Rodriguez is happy to have her home and the support of Union de Vecinos. But she can’t help but worry about her kids. One night while she was sleeping, part of her ceiling began to crumble and fell onto her bed.

She motioned to her toddler sleeping soundlessly in a crib placed in a small walkway between her kitchen and living area. “What if the same thing were to happen again? How could I protect them?”

Bernard Parks officially wins City Council District 8 election


Bernard Parks officially won a third term on the Los Angeles City Council today after the City Clerk’s Office released a final tally giving him 51.21 percent of the vote in the March 8 election.
Parks received 9,482 votes, while his closest challenger, Forescee Hogan-Rowles got 8,058 votes, or 43.52 percent, according to the clerk’s figures.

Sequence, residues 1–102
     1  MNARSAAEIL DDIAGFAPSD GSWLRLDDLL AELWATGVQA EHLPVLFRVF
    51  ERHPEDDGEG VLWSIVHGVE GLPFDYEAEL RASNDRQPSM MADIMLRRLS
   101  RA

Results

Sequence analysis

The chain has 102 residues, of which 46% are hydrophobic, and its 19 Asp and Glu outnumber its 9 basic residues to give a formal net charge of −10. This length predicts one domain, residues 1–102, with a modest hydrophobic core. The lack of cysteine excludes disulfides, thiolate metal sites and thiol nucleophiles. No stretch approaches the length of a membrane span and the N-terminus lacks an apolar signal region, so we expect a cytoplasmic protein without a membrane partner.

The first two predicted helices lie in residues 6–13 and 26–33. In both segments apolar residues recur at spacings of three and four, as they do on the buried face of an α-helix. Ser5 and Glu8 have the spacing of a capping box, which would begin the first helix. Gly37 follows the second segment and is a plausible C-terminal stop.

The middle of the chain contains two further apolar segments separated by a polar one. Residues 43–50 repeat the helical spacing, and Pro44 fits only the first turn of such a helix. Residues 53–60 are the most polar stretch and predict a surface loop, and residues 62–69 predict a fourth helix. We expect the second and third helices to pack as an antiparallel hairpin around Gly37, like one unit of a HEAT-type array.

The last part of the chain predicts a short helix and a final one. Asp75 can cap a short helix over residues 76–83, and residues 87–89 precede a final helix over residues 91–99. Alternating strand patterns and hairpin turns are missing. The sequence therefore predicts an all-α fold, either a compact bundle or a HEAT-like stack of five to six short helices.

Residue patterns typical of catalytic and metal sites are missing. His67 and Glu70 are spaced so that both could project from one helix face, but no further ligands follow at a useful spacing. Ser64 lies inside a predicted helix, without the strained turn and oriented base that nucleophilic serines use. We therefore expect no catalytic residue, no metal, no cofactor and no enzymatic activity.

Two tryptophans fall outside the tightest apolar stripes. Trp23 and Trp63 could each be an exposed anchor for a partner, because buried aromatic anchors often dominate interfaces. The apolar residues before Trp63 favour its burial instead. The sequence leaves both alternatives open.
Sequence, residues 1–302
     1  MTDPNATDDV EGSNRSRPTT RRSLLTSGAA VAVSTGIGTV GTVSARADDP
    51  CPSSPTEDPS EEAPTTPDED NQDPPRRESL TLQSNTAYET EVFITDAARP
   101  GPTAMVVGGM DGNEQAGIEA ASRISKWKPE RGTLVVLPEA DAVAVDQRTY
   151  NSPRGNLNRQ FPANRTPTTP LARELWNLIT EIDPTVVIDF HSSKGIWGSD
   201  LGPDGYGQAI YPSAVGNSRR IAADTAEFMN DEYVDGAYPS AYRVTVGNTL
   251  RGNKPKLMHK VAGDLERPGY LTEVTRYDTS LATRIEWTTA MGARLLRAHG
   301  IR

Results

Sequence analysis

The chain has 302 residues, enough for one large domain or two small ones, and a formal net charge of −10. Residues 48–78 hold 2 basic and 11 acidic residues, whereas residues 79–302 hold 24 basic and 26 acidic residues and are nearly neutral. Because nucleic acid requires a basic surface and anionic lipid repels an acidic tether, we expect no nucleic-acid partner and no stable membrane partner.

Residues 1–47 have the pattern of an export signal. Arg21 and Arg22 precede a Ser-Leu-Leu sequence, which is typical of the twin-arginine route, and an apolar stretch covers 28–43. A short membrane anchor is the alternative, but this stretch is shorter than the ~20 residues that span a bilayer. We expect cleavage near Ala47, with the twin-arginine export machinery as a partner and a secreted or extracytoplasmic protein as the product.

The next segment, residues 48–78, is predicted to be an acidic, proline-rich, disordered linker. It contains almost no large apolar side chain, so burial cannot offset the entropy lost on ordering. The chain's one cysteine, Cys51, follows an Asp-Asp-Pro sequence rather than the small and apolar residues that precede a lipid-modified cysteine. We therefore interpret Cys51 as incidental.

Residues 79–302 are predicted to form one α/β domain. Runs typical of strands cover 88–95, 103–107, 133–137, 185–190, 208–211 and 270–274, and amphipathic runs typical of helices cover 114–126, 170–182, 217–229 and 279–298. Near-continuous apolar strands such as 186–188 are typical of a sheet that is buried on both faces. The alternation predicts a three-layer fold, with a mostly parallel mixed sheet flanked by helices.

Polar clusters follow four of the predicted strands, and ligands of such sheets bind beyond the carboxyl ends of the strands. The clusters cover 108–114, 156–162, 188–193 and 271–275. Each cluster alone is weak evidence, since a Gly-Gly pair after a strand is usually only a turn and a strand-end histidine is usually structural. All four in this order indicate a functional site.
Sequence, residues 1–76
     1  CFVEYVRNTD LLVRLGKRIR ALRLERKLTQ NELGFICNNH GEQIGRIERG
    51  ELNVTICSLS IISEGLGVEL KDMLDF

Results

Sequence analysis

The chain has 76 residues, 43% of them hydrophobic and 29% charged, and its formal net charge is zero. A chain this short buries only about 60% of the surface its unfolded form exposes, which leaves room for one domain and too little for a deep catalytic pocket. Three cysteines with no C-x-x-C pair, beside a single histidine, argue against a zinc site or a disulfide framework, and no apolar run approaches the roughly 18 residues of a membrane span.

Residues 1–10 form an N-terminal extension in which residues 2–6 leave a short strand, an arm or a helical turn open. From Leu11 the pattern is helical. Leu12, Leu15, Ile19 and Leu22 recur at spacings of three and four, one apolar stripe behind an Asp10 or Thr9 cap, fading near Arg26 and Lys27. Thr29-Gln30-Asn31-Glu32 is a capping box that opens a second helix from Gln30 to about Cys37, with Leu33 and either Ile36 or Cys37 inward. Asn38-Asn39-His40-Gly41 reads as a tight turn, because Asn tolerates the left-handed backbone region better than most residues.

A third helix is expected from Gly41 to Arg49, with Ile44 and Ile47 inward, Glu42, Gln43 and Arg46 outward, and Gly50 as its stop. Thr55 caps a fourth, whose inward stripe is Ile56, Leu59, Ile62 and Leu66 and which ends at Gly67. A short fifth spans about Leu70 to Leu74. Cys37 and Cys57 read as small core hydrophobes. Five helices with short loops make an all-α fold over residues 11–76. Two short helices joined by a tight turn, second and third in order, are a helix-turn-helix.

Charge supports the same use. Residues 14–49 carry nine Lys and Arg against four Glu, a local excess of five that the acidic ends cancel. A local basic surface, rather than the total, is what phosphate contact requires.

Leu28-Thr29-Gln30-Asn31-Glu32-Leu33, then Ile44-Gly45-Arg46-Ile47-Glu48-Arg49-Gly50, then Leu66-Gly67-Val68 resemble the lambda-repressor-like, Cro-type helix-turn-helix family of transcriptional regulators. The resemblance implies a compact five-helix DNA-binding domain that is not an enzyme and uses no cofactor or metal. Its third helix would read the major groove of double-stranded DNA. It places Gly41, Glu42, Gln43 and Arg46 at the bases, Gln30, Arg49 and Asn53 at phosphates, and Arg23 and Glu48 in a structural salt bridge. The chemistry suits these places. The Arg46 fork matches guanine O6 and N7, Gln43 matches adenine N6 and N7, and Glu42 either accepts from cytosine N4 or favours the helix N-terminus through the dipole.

Parks did not wait to declare victory—he announced that he had won on election night after unofficial results gave him 50.89 percent of the vote. Hogan-Rowles, however, did not concede,
saying the number of provisional and vote-by-mail ballots meant that Parks might not have the 50 percent of the vote needed to avoid a runoff.
In a campaign update sent via email, Hogan-Rowles said, “I’m proud of our campaign and the coalition we built together with workers and neighborhood leaders. We came just a few votes away from forcing Bernard Parks into a runoff—even though he used to be one of the most popular leaders in the City.”

She continued, “Our campaign sends an important message to elected leaders like Bernard Parks, who ignore their constituents and the workers who keep our city working: no matter how popular you think you are you can’t take the people for granted.”
Photo by Sarah Golden

Read more on this topic:
Hogan-Rowles advocates a run-off election
Bernard Parks celebrates election in Leimert Park
City Council candidates discuss the issues in South LA

Compton student wins $40,000 for college from the free throw line

Students, teachers, band members and cheerleaders packed the Compton High School gymnasium this afternoon. But this was no ordinary pep rally.